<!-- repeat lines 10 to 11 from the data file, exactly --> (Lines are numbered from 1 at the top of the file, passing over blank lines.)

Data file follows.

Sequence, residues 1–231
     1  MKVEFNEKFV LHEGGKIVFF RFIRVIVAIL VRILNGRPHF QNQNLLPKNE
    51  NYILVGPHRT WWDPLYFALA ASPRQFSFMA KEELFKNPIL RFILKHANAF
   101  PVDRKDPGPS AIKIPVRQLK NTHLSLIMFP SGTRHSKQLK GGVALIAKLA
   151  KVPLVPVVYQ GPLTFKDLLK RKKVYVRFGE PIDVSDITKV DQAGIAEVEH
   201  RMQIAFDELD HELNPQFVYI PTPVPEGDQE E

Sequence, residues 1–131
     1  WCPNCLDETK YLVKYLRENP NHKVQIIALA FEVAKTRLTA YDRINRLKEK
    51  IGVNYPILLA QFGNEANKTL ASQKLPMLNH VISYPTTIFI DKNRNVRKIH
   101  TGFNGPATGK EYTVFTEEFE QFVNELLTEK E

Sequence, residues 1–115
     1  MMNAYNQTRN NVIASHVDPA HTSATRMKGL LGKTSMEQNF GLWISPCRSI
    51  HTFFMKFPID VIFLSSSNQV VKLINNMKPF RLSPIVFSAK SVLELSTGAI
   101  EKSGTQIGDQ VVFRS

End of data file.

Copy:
   101  TGFNGPATGK EYTVFTEEFE QFVNELLTEK E

Sequence, residues 1–115